The Beloved Community: What is it and how do we get there?

7 p.m. Tuesday, Oct. 26, MacVittie College Union Ballroom

Local community leaders representing industry, the religious community, education, public service, and health and human services have been invited to participate in this panel discussion to answer the question, "What is the beloved community and what role does each of these sectors play in supporting the development of a strong community?"

"Embracing Eatonville" Photography Exhibit Opening and Reception

4-5:45 p.m. Wednesday, Oct. 27, Lockhart Gallery, Main Street

The exhibit opening also will include a book signing by photographer Carrie Mae Weems. This exhibit of the works of four nationally recognized artists comprises photographs of Eatonville, Fla., the oldest town in the United States incorporated by African-Americans and adopted home of artist, folklorist and novelist Zora Neal Hurston. The exhibit captures the community of Eatonville as only photographers can. The artists are Dawoud Bey, Lonnie Graham, Carrie Mae Weems and Deborah Willis. This exhibit will run through Dec. 10. The gallery’s opening hours are 2-5 p.m. every day with extended hours from 12-8 p.m. Thursdays. The exhibit is free and open to the public. The gallery will be closed Nov. 24-28 for the Thanksgiving holiday. For more information, call (585) 245-5814.

"Embracing Eatonville" Lecture by Internationally Recognized Photographer Carrie Mae Weems

6 p.m. Wednesday, Oct. 27, Newton Hall 204

Beginning in January 2002 and continuing through the middle of 2003, photographers Dawoud Bey, Lonnie Graham, Deborah Willis and Carrie Mae Weems spent time in Eatonville making photographs in an effort to provide a meaningful reflection of Eatonville’s spirit and character while concentrating on the social, political and cultural landscape of this historically unique place in central Florida. Contributing photographer Carrie Mae Weems will provide a "guided tour" of the photographers’ Eatonville experience.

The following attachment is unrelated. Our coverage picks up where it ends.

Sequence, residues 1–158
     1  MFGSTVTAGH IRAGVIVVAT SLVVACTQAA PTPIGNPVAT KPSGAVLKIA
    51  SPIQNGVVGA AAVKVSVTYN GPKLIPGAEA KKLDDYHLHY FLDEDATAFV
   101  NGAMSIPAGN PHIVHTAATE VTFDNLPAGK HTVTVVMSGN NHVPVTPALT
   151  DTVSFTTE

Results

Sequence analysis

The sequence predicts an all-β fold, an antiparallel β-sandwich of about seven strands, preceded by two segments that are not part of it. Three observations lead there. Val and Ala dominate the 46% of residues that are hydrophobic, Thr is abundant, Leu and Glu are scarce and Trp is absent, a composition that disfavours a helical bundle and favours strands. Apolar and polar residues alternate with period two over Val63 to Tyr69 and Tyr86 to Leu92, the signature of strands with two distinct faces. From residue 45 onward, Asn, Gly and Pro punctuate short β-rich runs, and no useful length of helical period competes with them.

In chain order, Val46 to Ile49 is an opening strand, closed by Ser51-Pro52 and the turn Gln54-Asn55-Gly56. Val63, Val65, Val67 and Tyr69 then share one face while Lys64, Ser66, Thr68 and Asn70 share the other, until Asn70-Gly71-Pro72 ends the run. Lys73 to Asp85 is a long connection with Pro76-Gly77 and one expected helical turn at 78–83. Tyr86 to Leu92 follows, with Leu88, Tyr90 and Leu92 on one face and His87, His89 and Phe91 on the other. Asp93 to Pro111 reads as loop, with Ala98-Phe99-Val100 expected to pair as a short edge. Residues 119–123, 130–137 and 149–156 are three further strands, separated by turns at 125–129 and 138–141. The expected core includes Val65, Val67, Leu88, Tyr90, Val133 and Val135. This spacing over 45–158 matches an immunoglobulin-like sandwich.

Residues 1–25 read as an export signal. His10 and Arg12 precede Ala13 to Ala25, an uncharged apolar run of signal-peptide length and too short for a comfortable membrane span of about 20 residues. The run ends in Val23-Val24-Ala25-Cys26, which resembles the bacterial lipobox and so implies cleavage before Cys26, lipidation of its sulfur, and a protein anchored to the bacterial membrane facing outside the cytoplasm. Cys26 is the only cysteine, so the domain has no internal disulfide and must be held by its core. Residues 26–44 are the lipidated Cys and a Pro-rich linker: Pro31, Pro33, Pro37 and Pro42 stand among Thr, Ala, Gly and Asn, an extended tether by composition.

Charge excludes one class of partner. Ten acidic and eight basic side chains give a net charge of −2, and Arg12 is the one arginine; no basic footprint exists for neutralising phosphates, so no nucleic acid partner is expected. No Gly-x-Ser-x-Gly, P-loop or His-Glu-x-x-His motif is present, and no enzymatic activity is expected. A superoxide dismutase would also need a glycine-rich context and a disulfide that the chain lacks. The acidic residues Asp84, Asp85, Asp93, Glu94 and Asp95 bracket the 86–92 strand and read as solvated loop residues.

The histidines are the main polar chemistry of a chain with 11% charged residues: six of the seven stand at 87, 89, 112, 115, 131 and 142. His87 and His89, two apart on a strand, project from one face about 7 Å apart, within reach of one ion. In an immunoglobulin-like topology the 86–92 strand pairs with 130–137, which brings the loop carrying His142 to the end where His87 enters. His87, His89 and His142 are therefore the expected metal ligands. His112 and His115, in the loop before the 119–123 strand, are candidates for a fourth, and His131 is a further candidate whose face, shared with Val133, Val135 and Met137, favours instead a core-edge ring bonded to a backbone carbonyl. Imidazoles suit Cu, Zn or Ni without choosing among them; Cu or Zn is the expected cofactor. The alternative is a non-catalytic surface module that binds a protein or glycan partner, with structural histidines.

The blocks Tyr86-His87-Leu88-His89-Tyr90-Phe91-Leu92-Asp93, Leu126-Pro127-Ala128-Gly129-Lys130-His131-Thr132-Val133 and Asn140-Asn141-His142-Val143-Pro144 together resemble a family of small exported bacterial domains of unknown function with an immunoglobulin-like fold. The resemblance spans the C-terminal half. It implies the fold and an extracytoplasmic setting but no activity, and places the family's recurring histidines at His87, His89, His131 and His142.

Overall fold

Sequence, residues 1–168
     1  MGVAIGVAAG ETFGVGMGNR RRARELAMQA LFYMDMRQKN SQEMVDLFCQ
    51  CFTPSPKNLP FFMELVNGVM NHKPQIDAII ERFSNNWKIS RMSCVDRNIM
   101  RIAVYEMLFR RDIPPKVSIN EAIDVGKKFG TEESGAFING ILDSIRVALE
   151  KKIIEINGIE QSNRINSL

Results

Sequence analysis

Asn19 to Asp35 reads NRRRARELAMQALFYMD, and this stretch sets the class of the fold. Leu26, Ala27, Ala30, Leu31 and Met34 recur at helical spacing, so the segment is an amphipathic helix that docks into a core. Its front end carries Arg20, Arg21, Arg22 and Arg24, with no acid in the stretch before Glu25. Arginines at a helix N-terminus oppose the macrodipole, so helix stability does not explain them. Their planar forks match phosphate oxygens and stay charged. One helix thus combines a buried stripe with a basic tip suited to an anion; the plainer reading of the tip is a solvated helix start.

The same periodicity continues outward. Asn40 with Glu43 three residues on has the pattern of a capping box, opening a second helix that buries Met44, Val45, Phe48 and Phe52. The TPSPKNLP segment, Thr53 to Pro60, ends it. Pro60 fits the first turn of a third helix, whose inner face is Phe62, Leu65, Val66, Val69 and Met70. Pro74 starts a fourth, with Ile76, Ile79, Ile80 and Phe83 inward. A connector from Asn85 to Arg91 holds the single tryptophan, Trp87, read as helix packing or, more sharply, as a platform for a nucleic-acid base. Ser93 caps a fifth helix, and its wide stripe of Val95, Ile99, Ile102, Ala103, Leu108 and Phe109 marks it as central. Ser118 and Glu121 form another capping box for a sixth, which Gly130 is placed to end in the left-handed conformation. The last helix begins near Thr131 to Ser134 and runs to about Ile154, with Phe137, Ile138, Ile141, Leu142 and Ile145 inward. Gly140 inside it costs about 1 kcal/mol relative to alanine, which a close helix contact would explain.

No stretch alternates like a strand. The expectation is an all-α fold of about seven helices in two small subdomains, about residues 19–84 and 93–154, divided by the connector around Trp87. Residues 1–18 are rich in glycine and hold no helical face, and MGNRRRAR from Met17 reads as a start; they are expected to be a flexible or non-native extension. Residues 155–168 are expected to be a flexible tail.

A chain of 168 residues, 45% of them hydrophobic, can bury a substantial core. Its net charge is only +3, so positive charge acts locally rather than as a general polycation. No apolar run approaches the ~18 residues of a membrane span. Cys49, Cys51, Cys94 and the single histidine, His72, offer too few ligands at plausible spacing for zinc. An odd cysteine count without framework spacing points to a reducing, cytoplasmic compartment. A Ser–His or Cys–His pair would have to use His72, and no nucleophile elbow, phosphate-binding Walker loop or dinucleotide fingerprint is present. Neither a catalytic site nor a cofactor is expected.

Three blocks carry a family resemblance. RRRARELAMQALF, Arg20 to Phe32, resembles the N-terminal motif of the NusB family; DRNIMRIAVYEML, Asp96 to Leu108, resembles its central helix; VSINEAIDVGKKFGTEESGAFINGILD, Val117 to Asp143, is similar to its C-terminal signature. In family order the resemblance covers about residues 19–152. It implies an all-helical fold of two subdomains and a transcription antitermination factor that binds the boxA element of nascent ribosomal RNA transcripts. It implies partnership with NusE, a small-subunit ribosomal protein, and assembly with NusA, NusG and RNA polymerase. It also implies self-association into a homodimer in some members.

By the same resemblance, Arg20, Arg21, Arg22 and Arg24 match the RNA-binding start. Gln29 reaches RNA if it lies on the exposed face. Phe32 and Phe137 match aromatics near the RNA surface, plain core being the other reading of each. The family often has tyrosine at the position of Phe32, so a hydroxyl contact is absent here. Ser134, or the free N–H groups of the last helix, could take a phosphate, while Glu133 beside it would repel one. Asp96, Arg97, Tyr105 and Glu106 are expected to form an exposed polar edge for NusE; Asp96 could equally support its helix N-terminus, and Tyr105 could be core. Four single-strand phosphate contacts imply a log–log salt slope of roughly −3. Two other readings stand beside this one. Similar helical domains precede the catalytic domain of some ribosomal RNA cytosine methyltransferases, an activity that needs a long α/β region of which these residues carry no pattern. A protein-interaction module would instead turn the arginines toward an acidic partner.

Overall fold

Teaching Community: The Experimental Classroom, A Seminar for Educators with bell hooks

4-5:45 p.m. Thursday, Oct. 28, MacVittie College Union Ballroom

bell hooks has written extensively on race, class and gender. Her recent work explores building bridges between the academy and community. In this session, hooks will talk briefly on her pedagogical work and then engage participants’ questions on her text, "Teaching Community: A Pedagogy of Hope" and/or their own work in the classroom. All participants will receive a copy of "Teaching Community." The event is co-sponsored by the SUNY Geneseo Teaching and Learning Center and is free for Geneseo employees and $35 for off-campus participants. Registration is required and can be made online at

Cultural Harmony Week Lecture: bell hooks, Cultures of Belonging: Beyond Domination

7 p.m. Thursday, Oct. 28, Wadsworth Auditorium

hooks’ strong themes of anti-oppression and liberating pedagogy come together with ideas of what it takes to build communities of inclusion and belonging. What role does the academy play in creating communities that move beyond oppression and domination? Free and open to the public, but tickets are required. Tickets are available at the MacVittie College Union Ticket Office or by calling (585) 245-5873.

Intercultural Night Dinner

6 p.m. Saturday Oct. 30, MacVittie College Union Ballroom

The fifth annual Intercultural Night Dinner, a tradition started by alumnus Runa Rajagopal whose vision was an evening of food and culturally based entertainment representative of the many ethnicities and cultures that call SUNY Geneseo home.

For details, call (585) 245-5620 or go to